We approach Fleet in animated conversation. The driver is excellent and Cleaves decides he’s going to be a recipient of the recognition scheme he has introduced whereby he emails a central point and automatically the driver receives a “thank you” and monetary reward. His driving skills are faultless and he is very personable, albeit I tut at the visible tattoos, although Cleaves, not a tattoo sort of bloke, you’d think, is more phlegmatic.

“It’s difficult in this age, when so many people have tattoos not to select a driver because of this,” he argues. He’s more concerned with the otherwise impressive and upbeat welcoming announcement earlier with the terminology “liquid consumption” in reference to it being prohibited”. I’m more sanguine which just goes to show that interpreting customer service can really be a personal thing.

Andrew changes the subject by extracting his party piece – the new Coach Tracker system on National Express’ website. “We hid it on the website initially whilst it was bedding down and rapidly it had enjoyed 8,000 hits!” Little wonder, it is so good – a GPRS system showing the location of each coach, not just on a map but via StreetView, as well as the estimated arrival time. It’s great for nerds and social outcasts like me that get kicks in our spare time of tracking anything that moves, but real
law-abiding customers benefit too – particularly those making plans to pick up a loved one off a coach.

As we approach Ringwood, I think I know Andrew well enough to get more personal. I lean over and in hushed tones I ask “look mate, you’ve got targets to meet and a tough-as-boots boss in Dean Finch, how does the company view you spending so much time doing the touchy-feely tweeting customer services stuff like #MDonthemove?”

He’s unflappable. “Well, yes, Dean is very focused indeed and he, like the rest of the organisation, is right behind me, recognising this is absolutely the right thing to do. I just firmly believe that this is the way it should be done and that the time spent experiencing our product, talking to customers and staff is time no better spent.

“Most people like the fact that I do it and it’s not as if the rest of my job stops – I’ve got the iPad and Blackberry to send emails and read things. I get around 13 customer emails a day and I enjoy responding to those most.”

He’s preaching to the converted, but even in this day and age many at big conglomerates take a dim view of head honchos spending more time on the patch than in the Ivory Tower – so, fair play Dean for getting it spot-on.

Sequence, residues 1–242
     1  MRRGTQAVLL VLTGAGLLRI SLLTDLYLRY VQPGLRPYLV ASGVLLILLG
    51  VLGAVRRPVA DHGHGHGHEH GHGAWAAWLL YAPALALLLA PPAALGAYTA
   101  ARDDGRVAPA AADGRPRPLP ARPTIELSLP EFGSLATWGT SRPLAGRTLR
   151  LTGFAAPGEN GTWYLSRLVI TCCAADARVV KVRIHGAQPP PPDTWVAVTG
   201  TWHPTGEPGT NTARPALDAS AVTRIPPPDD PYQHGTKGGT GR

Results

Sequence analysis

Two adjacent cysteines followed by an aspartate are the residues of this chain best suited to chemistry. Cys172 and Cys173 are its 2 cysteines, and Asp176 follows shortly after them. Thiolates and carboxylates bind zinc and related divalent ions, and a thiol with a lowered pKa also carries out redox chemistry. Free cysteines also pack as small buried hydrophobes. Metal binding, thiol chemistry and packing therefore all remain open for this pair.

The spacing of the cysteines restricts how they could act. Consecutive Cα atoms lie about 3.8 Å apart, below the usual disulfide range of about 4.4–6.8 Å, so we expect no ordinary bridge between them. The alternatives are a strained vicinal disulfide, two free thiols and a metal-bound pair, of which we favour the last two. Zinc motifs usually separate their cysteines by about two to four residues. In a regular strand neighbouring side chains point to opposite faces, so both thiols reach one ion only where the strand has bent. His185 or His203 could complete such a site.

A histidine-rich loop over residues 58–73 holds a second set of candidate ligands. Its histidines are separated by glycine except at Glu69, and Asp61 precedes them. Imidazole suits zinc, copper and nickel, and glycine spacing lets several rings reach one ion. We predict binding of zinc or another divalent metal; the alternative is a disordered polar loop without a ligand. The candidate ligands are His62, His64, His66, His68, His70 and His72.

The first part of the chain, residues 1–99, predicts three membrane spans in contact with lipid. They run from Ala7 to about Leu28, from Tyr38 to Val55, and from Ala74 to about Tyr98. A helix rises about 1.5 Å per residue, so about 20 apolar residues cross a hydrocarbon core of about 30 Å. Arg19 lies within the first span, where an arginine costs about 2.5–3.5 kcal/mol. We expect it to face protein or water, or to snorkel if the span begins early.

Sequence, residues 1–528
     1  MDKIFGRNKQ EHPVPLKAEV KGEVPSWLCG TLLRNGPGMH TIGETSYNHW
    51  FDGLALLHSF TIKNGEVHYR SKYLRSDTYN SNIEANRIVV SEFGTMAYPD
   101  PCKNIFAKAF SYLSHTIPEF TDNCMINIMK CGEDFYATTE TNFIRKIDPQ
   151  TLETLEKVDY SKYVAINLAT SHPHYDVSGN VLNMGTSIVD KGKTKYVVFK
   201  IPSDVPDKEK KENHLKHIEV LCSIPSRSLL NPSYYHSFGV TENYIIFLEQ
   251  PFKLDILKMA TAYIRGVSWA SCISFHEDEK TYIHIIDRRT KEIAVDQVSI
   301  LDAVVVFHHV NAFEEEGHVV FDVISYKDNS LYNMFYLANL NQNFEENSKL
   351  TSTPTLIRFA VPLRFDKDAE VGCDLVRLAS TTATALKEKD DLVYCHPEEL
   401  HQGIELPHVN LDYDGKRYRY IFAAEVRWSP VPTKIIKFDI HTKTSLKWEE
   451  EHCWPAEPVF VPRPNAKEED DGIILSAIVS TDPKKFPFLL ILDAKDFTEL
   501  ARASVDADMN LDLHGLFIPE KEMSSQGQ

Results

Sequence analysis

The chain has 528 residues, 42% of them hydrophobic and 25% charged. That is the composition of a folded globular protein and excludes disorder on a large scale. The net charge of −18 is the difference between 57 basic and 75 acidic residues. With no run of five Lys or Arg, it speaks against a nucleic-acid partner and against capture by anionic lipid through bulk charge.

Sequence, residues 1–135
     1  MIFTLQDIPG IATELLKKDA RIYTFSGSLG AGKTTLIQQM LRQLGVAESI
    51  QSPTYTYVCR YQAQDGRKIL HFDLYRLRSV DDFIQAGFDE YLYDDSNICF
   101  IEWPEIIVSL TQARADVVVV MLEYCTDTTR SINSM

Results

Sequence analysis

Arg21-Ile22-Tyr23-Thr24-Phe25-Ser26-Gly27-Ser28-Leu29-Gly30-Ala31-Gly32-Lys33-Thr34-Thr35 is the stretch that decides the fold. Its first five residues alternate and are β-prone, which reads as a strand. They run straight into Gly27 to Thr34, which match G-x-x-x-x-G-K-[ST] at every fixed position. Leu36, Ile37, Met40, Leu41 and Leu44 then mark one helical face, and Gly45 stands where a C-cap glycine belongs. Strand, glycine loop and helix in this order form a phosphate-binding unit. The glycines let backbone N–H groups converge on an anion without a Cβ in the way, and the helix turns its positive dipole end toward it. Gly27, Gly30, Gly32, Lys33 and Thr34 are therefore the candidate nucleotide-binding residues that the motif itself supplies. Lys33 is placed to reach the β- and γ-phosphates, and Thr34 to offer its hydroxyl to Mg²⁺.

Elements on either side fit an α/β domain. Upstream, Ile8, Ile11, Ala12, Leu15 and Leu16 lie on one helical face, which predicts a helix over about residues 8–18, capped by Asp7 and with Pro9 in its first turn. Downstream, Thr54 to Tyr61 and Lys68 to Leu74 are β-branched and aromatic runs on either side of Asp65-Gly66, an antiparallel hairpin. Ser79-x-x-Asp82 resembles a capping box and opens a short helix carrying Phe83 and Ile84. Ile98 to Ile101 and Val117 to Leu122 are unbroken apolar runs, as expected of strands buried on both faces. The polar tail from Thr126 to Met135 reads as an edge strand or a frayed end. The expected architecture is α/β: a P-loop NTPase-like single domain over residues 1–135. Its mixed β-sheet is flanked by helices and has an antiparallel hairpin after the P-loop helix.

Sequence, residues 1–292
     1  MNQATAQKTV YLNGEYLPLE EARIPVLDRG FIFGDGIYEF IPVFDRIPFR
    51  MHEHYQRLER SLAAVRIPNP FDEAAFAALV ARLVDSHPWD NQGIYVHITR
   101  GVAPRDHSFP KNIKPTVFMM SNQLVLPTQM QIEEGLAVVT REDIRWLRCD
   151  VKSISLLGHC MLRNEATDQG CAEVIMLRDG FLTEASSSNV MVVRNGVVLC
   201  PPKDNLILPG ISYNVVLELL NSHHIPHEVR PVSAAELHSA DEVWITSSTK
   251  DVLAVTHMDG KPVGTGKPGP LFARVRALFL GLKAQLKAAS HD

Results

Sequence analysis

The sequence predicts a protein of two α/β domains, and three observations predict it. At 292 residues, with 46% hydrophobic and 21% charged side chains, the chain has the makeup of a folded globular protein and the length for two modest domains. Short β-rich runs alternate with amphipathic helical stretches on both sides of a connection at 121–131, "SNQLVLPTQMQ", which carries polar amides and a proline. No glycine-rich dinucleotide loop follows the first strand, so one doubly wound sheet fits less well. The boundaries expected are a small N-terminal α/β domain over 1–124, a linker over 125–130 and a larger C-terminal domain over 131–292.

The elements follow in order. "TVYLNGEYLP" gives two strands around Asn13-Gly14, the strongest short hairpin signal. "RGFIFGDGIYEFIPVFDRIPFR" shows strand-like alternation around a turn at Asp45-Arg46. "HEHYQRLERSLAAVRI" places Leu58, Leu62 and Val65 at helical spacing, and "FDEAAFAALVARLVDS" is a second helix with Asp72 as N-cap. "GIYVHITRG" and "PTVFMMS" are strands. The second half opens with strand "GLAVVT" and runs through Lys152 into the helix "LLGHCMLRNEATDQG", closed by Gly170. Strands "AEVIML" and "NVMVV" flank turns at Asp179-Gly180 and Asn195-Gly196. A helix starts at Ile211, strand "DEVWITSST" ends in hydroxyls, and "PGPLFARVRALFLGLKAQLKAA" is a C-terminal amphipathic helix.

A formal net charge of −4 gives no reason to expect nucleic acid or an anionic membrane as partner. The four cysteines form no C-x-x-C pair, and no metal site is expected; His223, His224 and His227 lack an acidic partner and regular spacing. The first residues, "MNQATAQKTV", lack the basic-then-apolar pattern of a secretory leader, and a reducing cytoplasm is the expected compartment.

We arrive at Bournemouth Interchange, the battleground for my wars with National Express when at Greyhound. No sooner do we pull in and the lady from the Travel Shop (nicely renovated with lovely brand exterior) races out with a face like thunder. She whispers in Cleaves’ PR sidekick’s ear, something along the lines of “what’s he doing hanging round with that idiot?” Andrew introduces us and sensing that it was a tad acrimonious previously, he proffers that Greyhound helped National Express raise its standards and helped to grow the market. His diplomacy is infectious and I do something that would have repelled me two years ago – I apologise, admit defeat and with gritted teeth, shake her hand. They did win.

She breaks into a smile and I prance across the bus station. I’m feeling emotional. Chatting with Cleaves has made me realise how much I miss Greyhound and this coach lark, until I hear the triumphant female shrill “We are the Champions” echo across the bus station from my new best mate in the Travel Shop. Cleaves looks embarrassed, he’s too dignified to revel in victory. Just as well really, as he’s a kindred spirit and now we’ve met, we’re better off as mates, than enemies.

Verdict: Look, I’m not trying to convince myself, this was no match-fixing – the integrity of “Travel Test” has been preserved. This was genuinely a very good experience, with or without Cleaves.